Every year, Doug Ellis sells hundreds of pairs of expensive steel-toed boots to miners, and a lot of hunting rifles.
"My business is built on mining money," said Ellis, who owns the Virginia Surplus sporting goods store. "It's what drives all these towns."
Ellis has operated the store in Virginia for 25 years, through three downturns in the mining industry.
People on the Iron Range are used to the booms and busts of the cyclical mining industry. But the latest downturn has Ellis and many others worried. They're bracing for the impending layoffs of 1,100 mineworkers later this spring. The job losses likely will significantly affect a regional economy that relies heavily on mining.
The loss of 1,100 jobs on the Iron Range might not seem like much compared to the 3,100 jobs that Target eliminated in the Twin Cities last month.
But in a region where mining makes up about 30 percent of the economy, the impact of the layoffs is enormous, said John Arbogast, vice president of the United Steelworkers union Local 1938 at Minntac in Mountain Iron.
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"On the Iron Range, mining is everything," Arbogast said.
U.S. Steel has announced that it will lay off 700 employees from Minntac, the largest taconite producer in the state. About 400 workers at its Keetac mine in Keewatin also will lose their jobs.
That's nearly one-fourth of the 4,500 mining jobs on the Iron Range — jobs that on average pay more than $80,000, according to officials with the Iron Range Resources and Rehabilitation Board.
"This isn't the Twin Cities. This is all we have, and they're good paying jobs," Arbogast said. "And these are hard-working people. They love living here. They love the fishing, the hunting — everything that comes with living on the Iron Range."
The miners aren't the only ones affected by the job cuts. A 2012 University of Minnesota Duluth study commissioned by the state and industry groups estimated that every mining job on the Range creates nearly two spinoff jobs.
That includes jobs at companies that service and supply the mining industry directly, as well as many in the region's restaurants, gas stations and retail stores.
Virginia is one of the largest of the nearly 20 small towns that line the Iron Range, second only to Hibbing. But the population of both has dropped by more than 4 percent since 2000.
Local residents and leaders hope the trend doesn't continue. But Virginia — surrounded on three sides by huge open pit mines — has long depended on those operations.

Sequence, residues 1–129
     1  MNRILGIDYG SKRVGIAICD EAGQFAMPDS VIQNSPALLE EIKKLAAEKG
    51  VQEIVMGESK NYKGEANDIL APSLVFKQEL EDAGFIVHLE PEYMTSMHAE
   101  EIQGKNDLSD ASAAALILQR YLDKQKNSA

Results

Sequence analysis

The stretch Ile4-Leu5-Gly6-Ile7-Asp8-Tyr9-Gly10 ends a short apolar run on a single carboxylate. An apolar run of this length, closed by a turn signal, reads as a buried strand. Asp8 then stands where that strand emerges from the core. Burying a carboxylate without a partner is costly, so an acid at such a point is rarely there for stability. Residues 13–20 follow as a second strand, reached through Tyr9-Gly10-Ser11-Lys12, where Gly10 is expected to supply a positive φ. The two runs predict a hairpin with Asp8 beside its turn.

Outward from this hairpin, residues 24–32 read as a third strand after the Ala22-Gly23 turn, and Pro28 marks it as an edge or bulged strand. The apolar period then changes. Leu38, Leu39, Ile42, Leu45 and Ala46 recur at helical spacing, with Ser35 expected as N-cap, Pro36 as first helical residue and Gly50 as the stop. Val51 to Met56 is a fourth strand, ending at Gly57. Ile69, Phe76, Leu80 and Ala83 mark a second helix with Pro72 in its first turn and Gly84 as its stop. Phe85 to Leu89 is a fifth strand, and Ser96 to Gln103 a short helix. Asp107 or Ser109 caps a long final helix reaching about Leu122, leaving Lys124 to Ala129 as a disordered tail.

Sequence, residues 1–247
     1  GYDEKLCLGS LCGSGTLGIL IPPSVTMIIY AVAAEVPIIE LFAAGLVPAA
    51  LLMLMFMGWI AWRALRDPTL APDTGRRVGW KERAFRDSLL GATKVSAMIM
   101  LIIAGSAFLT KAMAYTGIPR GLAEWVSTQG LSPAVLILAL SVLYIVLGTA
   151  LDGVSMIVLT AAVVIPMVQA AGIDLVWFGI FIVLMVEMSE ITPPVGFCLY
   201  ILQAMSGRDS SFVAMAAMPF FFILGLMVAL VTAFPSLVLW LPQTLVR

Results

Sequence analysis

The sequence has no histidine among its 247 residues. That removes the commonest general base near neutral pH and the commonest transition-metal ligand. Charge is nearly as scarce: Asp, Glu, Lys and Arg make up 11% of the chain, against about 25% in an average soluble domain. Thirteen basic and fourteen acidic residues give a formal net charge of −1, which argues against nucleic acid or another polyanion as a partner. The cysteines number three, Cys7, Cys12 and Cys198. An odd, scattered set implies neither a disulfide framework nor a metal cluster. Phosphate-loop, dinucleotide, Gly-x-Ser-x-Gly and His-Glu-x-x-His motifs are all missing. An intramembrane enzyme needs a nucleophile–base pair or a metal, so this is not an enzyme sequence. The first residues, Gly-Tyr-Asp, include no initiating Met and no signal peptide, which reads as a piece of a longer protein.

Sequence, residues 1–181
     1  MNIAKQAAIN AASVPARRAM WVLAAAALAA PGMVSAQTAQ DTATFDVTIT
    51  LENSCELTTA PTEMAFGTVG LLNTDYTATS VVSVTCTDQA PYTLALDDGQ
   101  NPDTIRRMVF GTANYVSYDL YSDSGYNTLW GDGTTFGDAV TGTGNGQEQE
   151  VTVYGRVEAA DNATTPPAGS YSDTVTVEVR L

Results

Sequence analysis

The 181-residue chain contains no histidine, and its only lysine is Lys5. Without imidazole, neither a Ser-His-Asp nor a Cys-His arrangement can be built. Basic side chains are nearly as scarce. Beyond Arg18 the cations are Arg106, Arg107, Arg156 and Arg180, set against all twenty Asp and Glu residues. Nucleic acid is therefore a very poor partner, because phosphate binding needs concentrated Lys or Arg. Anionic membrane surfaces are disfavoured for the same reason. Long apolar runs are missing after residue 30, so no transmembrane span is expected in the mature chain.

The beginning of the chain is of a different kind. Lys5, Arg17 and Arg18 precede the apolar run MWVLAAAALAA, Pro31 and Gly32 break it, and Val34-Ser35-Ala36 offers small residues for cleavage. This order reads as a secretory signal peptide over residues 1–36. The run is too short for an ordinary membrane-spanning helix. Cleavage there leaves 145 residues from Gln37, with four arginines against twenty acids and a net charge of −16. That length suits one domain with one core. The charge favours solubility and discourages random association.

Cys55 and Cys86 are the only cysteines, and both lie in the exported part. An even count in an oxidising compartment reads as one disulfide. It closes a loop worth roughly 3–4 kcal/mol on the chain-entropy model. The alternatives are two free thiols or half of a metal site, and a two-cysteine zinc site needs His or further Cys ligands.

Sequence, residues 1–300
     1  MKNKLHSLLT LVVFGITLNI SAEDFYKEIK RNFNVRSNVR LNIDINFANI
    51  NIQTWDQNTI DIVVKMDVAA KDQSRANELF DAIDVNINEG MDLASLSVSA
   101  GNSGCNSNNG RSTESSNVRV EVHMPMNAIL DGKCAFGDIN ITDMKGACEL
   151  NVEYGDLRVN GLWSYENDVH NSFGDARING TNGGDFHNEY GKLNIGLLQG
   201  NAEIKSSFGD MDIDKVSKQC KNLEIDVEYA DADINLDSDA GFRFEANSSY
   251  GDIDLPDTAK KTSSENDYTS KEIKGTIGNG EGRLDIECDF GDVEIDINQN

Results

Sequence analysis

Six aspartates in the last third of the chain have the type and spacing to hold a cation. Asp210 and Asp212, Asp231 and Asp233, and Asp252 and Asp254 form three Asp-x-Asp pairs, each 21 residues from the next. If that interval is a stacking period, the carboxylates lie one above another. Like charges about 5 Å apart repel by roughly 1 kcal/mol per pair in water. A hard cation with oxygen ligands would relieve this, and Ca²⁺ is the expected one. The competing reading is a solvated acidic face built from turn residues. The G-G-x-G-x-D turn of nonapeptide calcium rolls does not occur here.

"When the mines catch a cold, we all catch pneumonia," Ellis said. "Everybody is impacted; nobody is exempt."
On the Iron Range, where people are hardened to the traditional boom and bust cycle, his attitude is typical.
"We're a resilient bunch, and anytime times are really tough, we always seem to find four wheel drive, dig ourselves out of the mud hole, and move on," Ellis said.
But some say the latest downturn seems different from the last one in 2009, when U.S. Steel also laid off about 1,000 workers, said Arbogast, the iron worker.
"In '09, everything was down, it was recession; you could feel it coming," Arbogast said. "Now America's doing great, unemployment is at record, low-type levels, everyone's doing well and we're the ones getting hit on this.
"So that's what makes it tough."
After the last downturn, the global price of iron ore soared to over $190 a ton in 2011. In recent months, it has dropped to about $50 a ton.
The lower prices largely stem from decreased demand for steel in China, which until recently seemed to have a seemingly insatiable appetite for iron ore to produce steel, said Andrew Lane, an analyst for Morningstar.
"We've seen lower demand from China, and China consumes about half the world's steel," Lane said. "So as goes Chinese demand for both steel and iron ore, so go steel and iron ore prices on a global basis."
Lane said a global oversupply of iron ore and steel also is hurting Minnesota's taconite operations. The world's three largest iron ore miners ramped up production in the past decade, largely to meet Chinese demand they assumed would stay strong.
The strong U.S. dollar has also encouraged a surge in foreign steel imports into the United States, one of the few places where demand for steel is strong. Minnesota politicians allege that steel companies owned by foreign governments are illegally dumping the steel, or selling it in the United States for less than it costs them to produce.
"These things have come together in a perfect storm," said Tony Barrett, an economist at the College of St. Scholastica in Duluth.
While some analysts predict the price of iron ore will drop further, Barrett thinks Minnesota's taconite iron ore industry will stabilize, for one simple reason.
"The world needs steel," he said. "I see the demand for steel recovering, and with that the demand for taconite."
The question everyone is asking on the Iron Range is when.
Locals say if workers are only out of jobs for three to four months, the effect of the layoffs won't be too bad.
For Keewatin Mayor Bill King, however, every layoff and every closed business takes its toll.
"It just seems like a small part of the town dies away. Each time," King said. "You know, you lose this business, or a couple citizens move away, so it's hard, it's hard to watch."